**Breakfast All Day, An Impressive Run-Up, Then A Short Case**

As of Friday, shares of McDonald's (NYSE:MCD) were up almost 40% from their August lows, powered by the company's move to serve breakfast all day, which it announced last summer in a clever response (screen captured below) to a tweet by U.S. sprinter Lolo Jones.

On April 1st, though, Seeking Alpha contributor Short/Long Trader presented this short case for McDonald's, via Seeking Alpha contributor Brad Kenagy's "best ideas" contest ("23 Underfollowed Seeking Alpha Contributors Share Their Best Ideas"):

McDonald's is a company that consumers love, and its share price has ascended to new heights. However, its valuation has gone well beyond its intrinsic worth. Over the past five years, McDonald's average TTM P/E has been 18.9. Right now, it is 26.2. Short interest has spiked to a 10-year high and total debt is at an all-time high of $24 billion. Although consumers will continue to love McDonald's, its share price will experience a correction in the near term that better reflects its overall outlook.

Shorting a popular stock based on valuation can be risky, but it's worth noting that Short/Long Trader has been prescient on bearish calls before. For example, in an editors' pick article last September (The Case Against SunEdison), he warned us against SunEdison (SUNE) when it traded at about $13 per share. On April 1st, 2016, SUNE closed at $0.43, and traded even lower after hours on bankruptcy fears.

**Staying Long MCD While Hedging Against A Correction**

For McDonald's shareholders who are still bullish on the stock after reading Short/Long Trader's short case for it, but want to limit their downside risk in the event it does correct toward its previous, lower valuation, we look at two ways of hedging the stock over the next several months.

One of these hedges may be of interest to McDonald's longs; the other won't be, but we'll present it anyway for illustration purposes. If you'd like a refresher on hedging terms first, please see the section titled "Refresher On Hedging Terms" in this article of ours from last month, Locking In Gold Gains.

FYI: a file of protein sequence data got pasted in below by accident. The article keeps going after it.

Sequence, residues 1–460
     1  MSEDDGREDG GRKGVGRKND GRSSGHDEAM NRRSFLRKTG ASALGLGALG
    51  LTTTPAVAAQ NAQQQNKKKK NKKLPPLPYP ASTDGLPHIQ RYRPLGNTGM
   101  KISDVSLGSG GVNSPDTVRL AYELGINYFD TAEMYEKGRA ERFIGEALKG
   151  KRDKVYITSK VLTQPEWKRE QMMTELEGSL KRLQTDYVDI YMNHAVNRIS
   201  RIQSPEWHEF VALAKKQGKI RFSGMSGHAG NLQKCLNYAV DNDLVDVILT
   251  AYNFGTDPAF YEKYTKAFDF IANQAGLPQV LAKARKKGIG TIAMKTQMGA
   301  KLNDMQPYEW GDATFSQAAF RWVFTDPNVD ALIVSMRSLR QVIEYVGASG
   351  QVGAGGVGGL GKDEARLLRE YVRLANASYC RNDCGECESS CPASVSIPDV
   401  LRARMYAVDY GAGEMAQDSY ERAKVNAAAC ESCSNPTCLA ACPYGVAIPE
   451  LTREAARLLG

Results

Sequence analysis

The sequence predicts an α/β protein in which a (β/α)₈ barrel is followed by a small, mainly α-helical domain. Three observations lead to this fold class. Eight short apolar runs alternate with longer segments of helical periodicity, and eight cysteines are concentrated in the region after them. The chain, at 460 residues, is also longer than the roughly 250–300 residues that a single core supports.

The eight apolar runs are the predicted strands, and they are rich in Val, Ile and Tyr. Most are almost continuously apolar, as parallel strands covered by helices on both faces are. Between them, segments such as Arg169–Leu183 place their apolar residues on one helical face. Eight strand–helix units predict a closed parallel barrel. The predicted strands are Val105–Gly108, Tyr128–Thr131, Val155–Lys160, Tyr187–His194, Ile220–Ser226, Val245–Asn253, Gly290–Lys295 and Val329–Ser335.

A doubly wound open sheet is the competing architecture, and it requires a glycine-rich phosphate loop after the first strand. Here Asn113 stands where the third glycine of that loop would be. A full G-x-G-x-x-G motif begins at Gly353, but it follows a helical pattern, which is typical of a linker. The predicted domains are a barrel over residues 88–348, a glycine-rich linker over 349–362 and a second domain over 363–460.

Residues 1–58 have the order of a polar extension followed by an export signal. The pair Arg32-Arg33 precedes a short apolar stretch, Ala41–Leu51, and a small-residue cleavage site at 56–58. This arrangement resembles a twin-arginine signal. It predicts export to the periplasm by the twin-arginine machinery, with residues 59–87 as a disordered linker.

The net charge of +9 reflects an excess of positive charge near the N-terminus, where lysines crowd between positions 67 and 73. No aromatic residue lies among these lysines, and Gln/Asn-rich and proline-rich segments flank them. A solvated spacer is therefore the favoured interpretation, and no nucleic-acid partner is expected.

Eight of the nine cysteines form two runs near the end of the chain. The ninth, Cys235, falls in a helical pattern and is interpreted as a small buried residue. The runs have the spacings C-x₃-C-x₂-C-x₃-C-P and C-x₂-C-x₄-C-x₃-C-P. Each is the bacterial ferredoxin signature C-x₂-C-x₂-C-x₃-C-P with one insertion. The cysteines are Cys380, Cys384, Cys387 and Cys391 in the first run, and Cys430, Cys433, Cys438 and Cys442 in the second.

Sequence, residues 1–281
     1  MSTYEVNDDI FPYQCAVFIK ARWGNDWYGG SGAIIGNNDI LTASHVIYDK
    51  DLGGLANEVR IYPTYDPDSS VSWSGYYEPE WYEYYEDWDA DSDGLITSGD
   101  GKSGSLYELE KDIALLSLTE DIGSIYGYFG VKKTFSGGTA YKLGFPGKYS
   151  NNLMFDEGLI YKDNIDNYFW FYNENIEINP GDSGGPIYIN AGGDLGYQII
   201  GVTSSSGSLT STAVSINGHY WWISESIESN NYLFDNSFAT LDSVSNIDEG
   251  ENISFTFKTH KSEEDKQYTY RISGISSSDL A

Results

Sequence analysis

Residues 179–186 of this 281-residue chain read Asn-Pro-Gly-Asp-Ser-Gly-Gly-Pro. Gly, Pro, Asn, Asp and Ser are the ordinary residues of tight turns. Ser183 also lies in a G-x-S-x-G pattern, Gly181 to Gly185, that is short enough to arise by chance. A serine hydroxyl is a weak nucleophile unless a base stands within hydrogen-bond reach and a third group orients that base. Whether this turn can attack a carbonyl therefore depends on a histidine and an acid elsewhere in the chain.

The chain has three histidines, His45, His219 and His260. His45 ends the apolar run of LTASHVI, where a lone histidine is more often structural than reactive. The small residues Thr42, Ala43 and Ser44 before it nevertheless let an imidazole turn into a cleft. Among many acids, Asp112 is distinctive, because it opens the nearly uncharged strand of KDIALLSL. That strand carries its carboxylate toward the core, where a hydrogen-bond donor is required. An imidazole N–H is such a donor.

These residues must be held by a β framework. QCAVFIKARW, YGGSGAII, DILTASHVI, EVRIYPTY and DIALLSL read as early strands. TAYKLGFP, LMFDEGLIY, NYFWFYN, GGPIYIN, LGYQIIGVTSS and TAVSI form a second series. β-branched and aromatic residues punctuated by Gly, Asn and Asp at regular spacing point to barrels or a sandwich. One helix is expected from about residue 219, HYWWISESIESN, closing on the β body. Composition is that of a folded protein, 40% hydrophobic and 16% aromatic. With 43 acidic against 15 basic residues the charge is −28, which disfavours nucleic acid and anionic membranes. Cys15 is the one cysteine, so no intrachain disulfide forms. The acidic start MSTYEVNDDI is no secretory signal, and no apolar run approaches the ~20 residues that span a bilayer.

**Hedging MCD With Optimal Puts**

We're going to use Portfolio Armor's iOS app to find optimal puts and an optimal collar to hedge MCD below, but you needn't use the app to do this. You can find optimal puts and collars yourself by using the process we outlined in this article if you're willing to take the time and do the math. Whether you run the calculations yourself using the process we outlined or use the app, an additional piece of information you'll need to supply (along with the number of shares you're looking to hedge) when scanning for an optimal put is your "threshold," which is the maximum decline you are willing to risk. This will vary depending on your risk tolerance. For the purpose of the examples below, we've used a threshold of 15%. If you are more risk-averse, you could use a smaller threshold. And if you are less risk-averse, you could use a larger one. All else equal, though, the higher the threshold, the cheaper it will be to hedge.

Here are the optimal puts as of Friday's close to hedge 200 shares of MCD against a greater-than-15% drop by mid-September. Of the two hedges we'll present, this is the one that may be of interest to McDonald's shareholders.

As you can see at the bottom of the screen capture above, the cost of this protection was $110, or 1.25% of position value. A couple of points about this cost:

- To be conservative, the cost was based on the ask price of the put. In practice, you can often buy puts for less (at some price between the bid and ask).
- The 15% threshold includes this cost, i.e., in the worst-case scenario, your MCD position would be down 13.75%, not including the hedging cost.